During the course of this study we occasionally injected the somata of amacrine cells displaced to the GCL and were able to visualize their complete morphology. On two occasions we labeled amacrine cells that appeared, based on morphological similarities, to be the large amacrine cell that is coupled to G1 cells. These similarities included soma shape and size (≈14 μm in diameter), displaced location of cell bodies, size of the dendritic arbor (≈200 μm in diameter), and stratification level of dendrites (73%) and axonal (71%) processes in the IPL (Fig. 2A,B). These well-stained large amacrine cells displayed axonal processes identifying them as polyaxonal cells. They were tracer coupled to six other amacrine cells with similar soma shape and size (Fig. 2A,C) and to up to five ganglion cells with large (≈19 μm diameter) cell bodies and short primary dendrites similar those displayed by G1 cells. These large, polyaxonal amacrine cells resemble WA4-1 amacrine cells (Lin and Masland, 2006) and PA-S5 amacrine cells (Pérez De Sevilla Müller et al., 2007) described previously in the mouse retina.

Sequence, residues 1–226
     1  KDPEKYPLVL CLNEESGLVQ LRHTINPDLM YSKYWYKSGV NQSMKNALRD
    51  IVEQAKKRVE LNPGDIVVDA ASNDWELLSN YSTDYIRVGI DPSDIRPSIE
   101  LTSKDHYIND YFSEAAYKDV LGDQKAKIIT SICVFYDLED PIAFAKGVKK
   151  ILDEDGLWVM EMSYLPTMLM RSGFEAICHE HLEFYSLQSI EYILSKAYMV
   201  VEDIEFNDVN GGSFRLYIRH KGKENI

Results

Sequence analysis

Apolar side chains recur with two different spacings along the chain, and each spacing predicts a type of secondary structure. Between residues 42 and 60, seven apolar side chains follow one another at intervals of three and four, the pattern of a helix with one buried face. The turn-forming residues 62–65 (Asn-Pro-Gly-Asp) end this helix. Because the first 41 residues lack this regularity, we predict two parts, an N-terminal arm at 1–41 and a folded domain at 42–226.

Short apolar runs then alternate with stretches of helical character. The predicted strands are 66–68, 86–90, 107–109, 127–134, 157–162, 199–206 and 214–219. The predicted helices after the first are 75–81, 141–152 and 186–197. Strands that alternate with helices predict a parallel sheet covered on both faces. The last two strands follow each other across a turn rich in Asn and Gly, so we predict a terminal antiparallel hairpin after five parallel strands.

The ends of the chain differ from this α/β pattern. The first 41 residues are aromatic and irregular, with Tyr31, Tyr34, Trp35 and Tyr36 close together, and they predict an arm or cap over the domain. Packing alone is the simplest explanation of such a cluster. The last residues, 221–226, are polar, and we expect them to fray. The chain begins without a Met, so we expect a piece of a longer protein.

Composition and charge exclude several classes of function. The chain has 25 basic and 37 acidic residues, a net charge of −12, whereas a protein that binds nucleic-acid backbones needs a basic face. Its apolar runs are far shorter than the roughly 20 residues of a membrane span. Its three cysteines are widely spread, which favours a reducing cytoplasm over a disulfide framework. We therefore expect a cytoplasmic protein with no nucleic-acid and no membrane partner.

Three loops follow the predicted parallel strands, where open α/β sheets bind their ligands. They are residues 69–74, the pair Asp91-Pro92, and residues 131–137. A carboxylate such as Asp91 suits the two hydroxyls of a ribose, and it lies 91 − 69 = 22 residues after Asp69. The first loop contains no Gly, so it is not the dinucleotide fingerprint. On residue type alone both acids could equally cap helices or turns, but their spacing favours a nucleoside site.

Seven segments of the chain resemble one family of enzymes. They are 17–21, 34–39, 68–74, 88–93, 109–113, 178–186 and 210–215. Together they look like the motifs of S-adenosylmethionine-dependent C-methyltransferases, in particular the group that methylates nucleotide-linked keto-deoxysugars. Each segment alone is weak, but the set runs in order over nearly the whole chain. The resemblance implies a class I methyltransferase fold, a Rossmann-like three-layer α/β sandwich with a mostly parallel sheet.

The G2 subtype of ganglion cell showed a number of morphological features similar to those described for ON alpha cells in various mammalian species, including the mouse (Boycott and Wässle, 1974; Peichl et al., 1987a,b; Schubert et al., 2005a; Völgyi et al., 2005a,b). These similarities included a spherical soma (≈18 μm diameter) and stout, smooth dendrites that characteristically branched at acute angles with almost no overlap (Figs. 3A, ,13).13). G2 cells displayed large symmetrical dendritic arbors (≈200 μm diameter), which unistratified within sublamina-b of the IPL at a 73% depth. Recent morphological studies have described ganglion cells in the mouse retina with very similar soma/ dendritic morphologies, including A2i cells (Sun et al., 2002), cells in monostratified cluster 9 (Badea and Nathans, 2004), cluster 8 (Kong et al., 2005), and M8 and M9 (on) (Coombs et al., 2006).